\[\begin{split}\begin{align} \left.\frac{\mathrm d}{\mathrm dt}\right|_{t=0}\log \det (X+tY) &= \left.\frac{\mathrm d}{\mathrm dt}\right|_{t=0}\log\det(I+tX^{-1/2}YX^{-1/2})\\ &= \left.\frac{\mathrm d}{\mathrm dt}\right|_{t=0} 1+\operatorname{tr} (tX^{-1/2}YX^{-1/2})+o(t^2)\\ &= \operatorname{tr} (X^{-1/2}YX^{-1/2})\\ &= \operatorname{tr} (X^{-1}Y) \end{align}\end{split}\]

here we used the fact that the trace is linear, and that it is cyclic: \(\operatorname{tr}(ABC)=\operatorname{tr}(CAB)\).

Exercise 2c)


Show that \((X+tY)^{-1} = X^{-1}(I+tYX^{-1})^{-1}\). Then use the power series \((1-x)^{-1} = \sum_{n=0}^\infty x^n\) to show that

\[\left.\frac{\mathrm d}{\mathrm dt}\right|_{t=0}\operatorname{tr} (A(X+tY)^{-1}) = -\operatorname{tr}(X^{-1}AX^{-1}Y).\]

We have that

\[I = (X+tY)(X+tY)^{-1} = (I+tYX^{-1})X(X+tY)^{-1}\]

Hence \((I+tYX^{-1})^{-1} = X(X+tY)^{-1}\), multiplying both sides by \(X^{-1}\) gives the result. We therefore have

\[(X+tY)^{-1} = X^{-1}(I+tYX^{-1})^{-1} = X^{-1}-tX^{-1}YX^{-1} +o(t^2)\]

plugging this into the directional derivative, we obtain

\[\begin{split}\begin{align} \left.\frac{\mathrm d}{\mathrm dt}\right|_{t=0}\operatorname{tr} (A(X+tY)^{-1})&=\left.\frac{\mathrm d}{\mathrm dt}\right|_{t=0} \operatorname{tr}(AX^{-1}-tAX^{-1}YX^{-1} + o(t^2))\\ &= -\operatorname{tr}(AX^{-1}YX^{-1}) \\ &= -\operatorname{tr}(X^{-1}AX^{-1}Y) \end{align}\end{split}\]

again we used the fact that trace is linear and cyclic.

Exercise 2d)


Assume \(A\succ0\). Solve the minimization problem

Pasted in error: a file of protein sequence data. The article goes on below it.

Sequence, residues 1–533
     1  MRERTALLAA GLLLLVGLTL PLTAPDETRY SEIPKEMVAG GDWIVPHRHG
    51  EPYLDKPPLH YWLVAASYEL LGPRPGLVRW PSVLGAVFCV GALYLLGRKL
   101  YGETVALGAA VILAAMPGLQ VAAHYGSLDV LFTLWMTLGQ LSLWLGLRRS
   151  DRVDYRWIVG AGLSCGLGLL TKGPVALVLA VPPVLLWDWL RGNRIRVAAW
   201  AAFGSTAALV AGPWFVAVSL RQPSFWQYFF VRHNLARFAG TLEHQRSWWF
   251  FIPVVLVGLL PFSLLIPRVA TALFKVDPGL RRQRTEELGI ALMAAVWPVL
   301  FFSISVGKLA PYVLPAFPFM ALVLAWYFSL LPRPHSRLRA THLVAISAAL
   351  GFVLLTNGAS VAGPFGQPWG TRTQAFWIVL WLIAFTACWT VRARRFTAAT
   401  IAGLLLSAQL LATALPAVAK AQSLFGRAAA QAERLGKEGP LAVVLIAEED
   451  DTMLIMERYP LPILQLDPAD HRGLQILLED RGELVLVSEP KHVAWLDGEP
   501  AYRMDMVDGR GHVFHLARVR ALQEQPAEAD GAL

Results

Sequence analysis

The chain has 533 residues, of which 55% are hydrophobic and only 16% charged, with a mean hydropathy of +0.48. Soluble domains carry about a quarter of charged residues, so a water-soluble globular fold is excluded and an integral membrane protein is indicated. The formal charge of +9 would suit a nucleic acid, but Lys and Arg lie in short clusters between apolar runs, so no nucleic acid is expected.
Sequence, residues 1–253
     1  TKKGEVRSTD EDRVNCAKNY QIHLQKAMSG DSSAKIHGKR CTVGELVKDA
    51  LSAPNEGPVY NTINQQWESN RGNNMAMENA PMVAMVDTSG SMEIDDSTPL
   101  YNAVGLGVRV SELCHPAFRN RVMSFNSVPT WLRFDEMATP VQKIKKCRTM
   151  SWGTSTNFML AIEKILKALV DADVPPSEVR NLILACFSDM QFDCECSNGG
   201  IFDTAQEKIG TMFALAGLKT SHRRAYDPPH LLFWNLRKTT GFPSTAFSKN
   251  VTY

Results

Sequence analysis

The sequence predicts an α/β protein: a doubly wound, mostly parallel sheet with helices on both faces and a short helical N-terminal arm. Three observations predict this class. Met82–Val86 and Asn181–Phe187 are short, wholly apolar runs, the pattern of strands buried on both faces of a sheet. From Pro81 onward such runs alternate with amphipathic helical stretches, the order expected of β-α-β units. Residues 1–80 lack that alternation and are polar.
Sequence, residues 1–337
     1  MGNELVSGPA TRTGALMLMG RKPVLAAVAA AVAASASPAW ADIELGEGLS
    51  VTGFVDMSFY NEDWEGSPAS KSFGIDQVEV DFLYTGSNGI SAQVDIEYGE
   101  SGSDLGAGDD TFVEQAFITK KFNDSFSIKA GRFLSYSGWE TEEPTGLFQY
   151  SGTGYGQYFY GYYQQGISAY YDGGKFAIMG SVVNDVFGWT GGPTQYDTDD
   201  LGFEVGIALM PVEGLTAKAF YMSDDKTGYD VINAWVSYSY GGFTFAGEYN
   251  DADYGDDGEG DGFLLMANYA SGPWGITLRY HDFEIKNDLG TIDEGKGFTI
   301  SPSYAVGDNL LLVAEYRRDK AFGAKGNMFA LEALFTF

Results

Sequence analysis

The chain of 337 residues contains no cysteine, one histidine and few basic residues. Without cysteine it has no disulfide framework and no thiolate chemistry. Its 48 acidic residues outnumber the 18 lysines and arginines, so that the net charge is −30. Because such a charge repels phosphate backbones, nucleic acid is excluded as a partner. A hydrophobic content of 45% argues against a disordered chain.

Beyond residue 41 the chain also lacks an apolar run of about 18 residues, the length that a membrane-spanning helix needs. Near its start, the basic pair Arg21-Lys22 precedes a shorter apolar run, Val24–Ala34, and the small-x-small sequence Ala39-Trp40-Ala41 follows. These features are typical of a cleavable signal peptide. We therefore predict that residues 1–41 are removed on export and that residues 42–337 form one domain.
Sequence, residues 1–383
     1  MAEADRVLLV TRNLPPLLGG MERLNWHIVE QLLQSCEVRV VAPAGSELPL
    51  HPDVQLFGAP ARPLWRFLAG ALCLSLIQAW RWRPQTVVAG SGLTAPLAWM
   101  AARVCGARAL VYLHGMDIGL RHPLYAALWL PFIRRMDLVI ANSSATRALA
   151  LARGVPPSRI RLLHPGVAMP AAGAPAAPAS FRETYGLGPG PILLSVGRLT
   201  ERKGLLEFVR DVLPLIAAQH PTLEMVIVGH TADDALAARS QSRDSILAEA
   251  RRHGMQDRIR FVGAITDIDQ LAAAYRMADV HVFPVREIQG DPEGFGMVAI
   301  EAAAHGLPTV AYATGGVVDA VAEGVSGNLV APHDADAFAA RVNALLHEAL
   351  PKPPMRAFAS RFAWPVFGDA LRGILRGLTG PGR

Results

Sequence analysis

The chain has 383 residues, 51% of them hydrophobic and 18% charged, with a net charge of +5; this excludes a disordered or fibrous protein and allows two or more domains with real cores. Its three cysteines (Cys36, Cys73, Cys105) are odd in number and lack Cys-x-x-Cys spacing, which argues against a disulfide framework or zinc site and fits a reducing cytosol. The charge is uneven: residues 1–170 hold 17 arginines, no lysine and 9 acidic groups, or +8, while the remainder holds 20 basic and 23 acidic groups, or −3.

\[\begin{split}\begin{array}{l l} \text{minimize} & \frac{N}{2} \log\det \Sigma +\frac12 \langle A,\,\Sigma^{-1}\rangle \\ \text{subject to} & \Sigma\succ 0 \end{array}\end{split}\]

First solve the unconstrained problem by computing the directional derivatives and setting them to zero. Show that the resulting solution \(\Sigma^*\) satisfies \(\Sigma^*\succ 0\).

Denote the objective by \(f(\Sigma)\). Using a) and b):

\[\left.\frac{\mathrm d}{\mathrm dt}\right|_{t=0} f(X+tY) = \frac{-N}{2}\operatorname{tr}(\Sigma^{-1}Y)+\frac12 \operatorname{tr}(\Sigma^{-1}A\Sigma^{-1}Y)\]

If \(\Sigma\) is optimal, then this directional derivative is zero for all \(Y\). This happens if and only if

\[-\frac{N}{2}\Sigma^{-1}+\frac12 \Sigma^{-1}A\Sigma^{-1}=0\]

Factoring out the \(\Sigma^{-1}\) on the left, we obtain

\[\frac12\Sigma^{-1}\left(NI- A\Sigma^{-1}\right)=0\]

Since \(\Sigma \succ 0\), the matrix \(\Sigma^{-1}\) is full rank. Hence, this means that \(NI- A\Sigma^{-1} = 0\). We have as solution \(\Sigma^* = \frac1N A\succ 0\).

Exercise 2e)


Assume \(A\succ 0\). Write down the Lagrangian of

\[\begin{split}\begin{array}{l l} \text{minimize} & \frac{N}{2} \log\det \Sigma +\frac12 \langle A,\,\Sigma^{-1}\rangle \\ \text{subject to} & \Sigma\succ 0 \end{array}\end{split}\]

Show that the critical points of the Lagrangian can be obtained by solving a quadratic matrix equation: